Summer dinner: pesche al vino (peaches in wine), spaghetti w/pesto trapanese, tomato salad, figs
|August 30, 2010||Posted by ameliaps under Italian, pasta and grains, summer, vegetarian|
I am trying to enjoy every single little bit of summer left, until it ends… maybe soon?
It’s still hot outside, my raised beds in the garden are still producing a lot, especially basil and tomatoes.
Sitting outside at night for dinner is still quite hot but getting more pleasant, and the nights are getting shorter.
Memories of the time in Italy are still fresh and lingering, so I try to make dishes I have tasted while there.
This simple summer menu comes together really fast and it is all about fresh ingredients.
To start, “pesche al vino bianco”: peaches marinated in white wine. It is an interesting way to kick off the evening with something refreshing and mildly alcoholic.
Then it’s pasta time: spaghetti con pesto alla Trapanese. You are all familiar with the traditional pesto (basil pine nuts, olive oil, Parmesan and garlic) from Genoa but in Sicily (in Trapani, specifically) they add a twist: blanched almonds, tomatoes and pecorino (or ricotta salata) and call it “pasta cull’agghia” (pasta with garlic). This makes the sauce very rich and crunchy. While the Trapani version is the most popular, there are many different variations to this pesto, depending on where you are in Sicily. In the Eolian islands they add salt packed capers (their specialty) and pistachios. In other places, they roast the tomatoes (and or add sun dried tomatoes) to provide further richness. Some others roast the almonds (the purist would cringe!), and yet some others add bread crumbs. Finally some like it hot and add chili pepper.
Either way you make it, try this pesto with “busiati”…if you feel like making home made pasta. It is a very simple flour and water dough that is quickly rolled around the “busu” (or knitting needle) to obtain a sort of “fusillo” (twisted long pasta). Here is an excellent video on how to make them. You can prepare the sauce in the time it take for the pasta to cook.
All you need as a side is a fresh tomato, small green pepper, basil, and celery salad.
To end what could you ask more for than sweet, scented, ripe, honey-tasting figs???
Pesche al vino bianco (peaches in white wine)
This is a great summer starter. And soooo easy to make.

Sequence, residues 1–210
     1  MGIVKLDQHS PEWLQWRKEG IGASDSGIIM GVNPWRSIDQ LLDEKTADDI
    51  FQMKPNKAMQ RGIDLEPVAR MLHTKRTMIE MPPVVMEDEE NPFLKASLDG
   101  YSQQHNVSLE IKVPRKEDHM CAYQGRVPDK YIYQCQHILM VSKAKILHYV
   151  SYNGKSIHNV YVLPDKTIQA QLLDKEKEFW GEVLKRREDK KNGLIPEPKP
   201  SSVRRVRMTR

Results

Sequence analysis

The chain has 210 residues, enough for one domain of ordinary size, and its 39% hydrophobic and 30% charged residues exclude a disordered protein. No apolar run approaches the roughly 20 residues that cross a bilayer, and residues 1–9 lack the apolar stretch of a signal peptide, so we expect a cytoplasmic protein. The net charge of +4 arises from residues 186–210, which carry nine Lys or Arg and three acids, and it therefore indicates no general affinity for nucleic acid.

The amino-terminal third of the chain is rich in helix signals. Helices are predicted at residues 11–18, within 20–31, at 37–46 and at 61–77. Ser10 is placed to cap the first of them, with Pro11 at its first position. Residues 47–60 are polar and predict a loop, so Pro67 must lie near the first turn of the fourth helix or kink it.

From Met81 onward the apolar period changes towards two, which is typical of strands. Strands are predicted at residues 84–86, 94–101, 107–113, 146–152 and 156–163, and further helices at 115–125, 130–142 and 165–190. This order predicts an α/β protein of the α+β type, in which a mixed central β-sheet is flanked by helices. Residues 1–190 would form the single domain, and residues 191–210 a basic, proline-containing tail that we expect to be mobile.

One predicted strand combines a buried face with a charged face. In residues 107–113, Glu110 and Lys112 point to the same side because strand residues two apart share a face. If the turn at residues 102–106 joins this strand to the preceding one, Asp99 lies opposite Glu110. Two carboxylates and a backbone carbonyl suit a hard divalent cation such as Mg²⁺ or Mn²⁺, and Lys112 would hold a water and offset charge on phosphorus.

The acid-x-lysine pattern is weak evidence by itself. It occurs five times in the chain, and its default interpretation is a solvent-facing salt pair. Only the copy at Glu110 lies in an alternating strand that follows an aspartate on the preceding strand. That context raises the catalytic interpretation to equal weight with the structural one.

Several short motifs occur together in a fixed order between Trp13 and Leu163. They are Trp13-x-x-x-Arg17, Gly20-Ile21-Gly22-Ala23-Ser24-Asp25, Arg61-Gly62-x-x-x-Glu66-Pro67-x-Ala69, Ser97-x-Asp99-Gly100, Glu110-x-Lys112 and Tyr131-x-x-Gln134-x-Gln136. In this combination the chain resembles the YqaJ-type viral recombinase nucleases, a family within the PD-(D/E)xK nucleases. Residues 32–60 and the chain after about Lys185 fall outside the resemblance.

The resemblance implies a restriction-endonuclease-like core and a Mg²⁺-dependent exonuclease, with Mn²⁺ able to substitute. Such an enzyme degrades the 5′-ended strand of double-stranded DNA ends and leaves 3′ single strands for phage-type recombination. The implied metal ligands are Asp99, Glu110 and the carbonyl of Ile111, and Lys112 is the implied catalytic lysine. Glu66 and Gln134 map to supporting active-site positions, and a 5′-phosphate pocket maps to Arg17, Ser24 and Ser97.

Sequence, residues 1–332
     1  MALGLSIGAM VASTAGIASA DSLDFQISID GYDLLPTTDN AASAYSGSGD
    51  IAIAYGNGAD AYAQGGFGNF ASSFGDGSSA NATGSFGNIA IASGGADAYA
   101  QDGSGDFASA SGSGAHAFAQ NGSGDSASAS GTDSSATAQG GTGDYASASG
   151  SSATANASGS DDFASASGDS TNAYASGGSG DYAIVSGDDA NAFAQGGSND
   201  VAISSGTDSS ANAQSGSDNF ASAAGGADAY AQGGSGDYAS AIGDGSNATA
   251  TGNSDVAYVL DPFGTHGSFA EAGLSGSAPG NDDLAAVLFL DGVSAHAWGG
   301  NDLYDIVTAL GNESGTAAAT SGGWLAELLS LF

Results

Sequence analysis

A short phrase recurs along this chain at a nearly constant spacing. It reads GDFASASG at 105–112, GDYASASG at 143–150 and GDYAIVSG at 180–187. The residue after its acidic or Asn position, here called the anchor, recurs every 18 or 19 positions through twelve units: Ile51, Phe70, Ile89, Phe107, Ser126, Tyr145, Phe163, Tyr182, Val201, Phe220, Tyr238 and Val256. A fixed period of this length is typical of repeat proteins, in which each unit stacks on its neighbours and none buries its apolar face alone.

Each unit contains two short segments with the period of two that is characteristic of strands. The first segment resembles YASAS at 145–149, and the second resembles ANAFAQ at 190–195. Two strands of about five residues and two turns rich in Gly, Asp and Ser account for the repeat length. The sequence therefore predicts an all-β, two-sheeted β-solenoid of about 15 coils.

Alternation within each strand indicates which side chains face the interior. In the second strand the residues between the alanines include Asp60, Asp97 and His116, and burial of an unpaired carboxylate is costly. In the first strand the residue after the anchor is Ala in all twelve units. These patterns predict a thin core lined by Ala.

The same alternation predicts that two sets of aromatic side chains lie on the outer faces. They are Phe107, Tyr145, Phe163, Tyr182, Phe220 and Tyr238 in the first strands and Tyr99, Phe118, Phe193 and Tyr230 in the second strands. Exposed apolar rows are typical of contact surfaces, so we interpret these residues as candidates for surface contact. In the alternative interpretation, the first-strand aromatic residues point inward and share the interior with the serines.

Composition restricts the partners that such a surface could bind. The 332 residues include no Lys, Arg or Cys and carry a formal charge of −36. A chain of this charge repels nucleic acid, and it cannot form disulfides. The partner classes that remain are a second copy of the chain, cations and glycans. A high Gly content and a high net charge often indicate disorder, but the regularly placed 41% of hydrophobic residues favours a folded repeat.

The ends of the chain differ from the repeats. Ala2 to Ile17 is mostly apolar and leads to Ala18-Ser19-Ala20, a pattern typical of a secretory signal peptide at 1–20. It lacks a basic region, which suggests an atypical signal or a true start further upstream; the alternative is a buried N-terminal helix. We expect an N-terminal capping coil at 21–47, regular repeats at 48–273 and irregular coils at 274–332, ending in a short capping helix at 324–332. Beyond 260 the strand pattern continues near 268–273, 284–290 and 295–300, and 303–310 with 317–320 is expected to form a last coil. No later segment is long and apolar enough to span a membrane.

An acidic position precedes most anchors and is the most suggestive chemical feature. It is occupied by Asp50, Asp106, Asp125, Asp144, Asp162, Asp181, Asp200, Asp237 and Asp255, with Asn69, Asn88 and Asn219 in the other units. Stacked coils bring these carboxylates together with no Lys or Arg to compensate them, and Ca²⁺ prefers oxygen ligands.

Peel a few slightly under-ripe peaches (which will have more bite), cut them in large chunks and place in glasses. Pour some crisp white wine over them, to cover. You might consider adding some fresh mint.
Chill until ready to serve.
Recipe adapted from “Cucina Siciliana” by Ciccio Sultano
NOTE: the writer uses this pesto as a dipping sauce for fried fish.
1 pound spaghetti
1/2 cup (80 gr) almonds (if you can get the Sicilian ones from Noto they are wonderful)
1/4 cup (30 gr) pine nuts
1/2 cup (100 gr) extra virgin olive oil
3 garlic cloves
2 tomatoes, peeled and seeded
2 1/2 cups (60gr) basil
Salt and pepper as needed
Ricotta salata or pecorino, to be grated fresh over the pasta
Place a large (this is key) pot of water to boil. Salt when it boils, not before.
Meanwhile, make the pesto: In a mortar (or use a food processor with a blade) pound together the oil, almonds and pine-nuts. Add the garlic, 2 ice cubes and the rest of the ingredients, pounding quickly to make a paste.You want to leave a bit of a texture for crunch.
Cook the pasta al dente, as per directions, drain and reserve some of the boiling water. Toss the pasta with the pesto, using some of the reserved water to make it creamier. Grate some fresh pecorino or ricotta salata (or both) over and serve hot with a leaf of basil to garnish.
Fresh tomato salad
The one particular thing about this salad is the ingredients. You need super-fresh organic peek-of-the-season cherry tomatoes, celery, garlic, basil, good extra virgin olive oil, fresh oregano, salt and pepper. That’s it.
My dad adds these small mild green peppers (peperoncini verdi) that are so hard to find here. You might want to substitute with other mild green peppers, but it will not be the same…
Here is what the deliciously ripe figs we had for dessert looked like: ooey-gooey honey-sweet heaven.
They are good just as-is. But if you are looking to making into a dessert, just serve them quartered (I leave the peel on) over greek yogurt drizzled with honey and sprinkled with chopped pistachios.
And here is a delicious fig dessert recipe from Tori Ritchie: orange-roasted figs.
Happy end of summer
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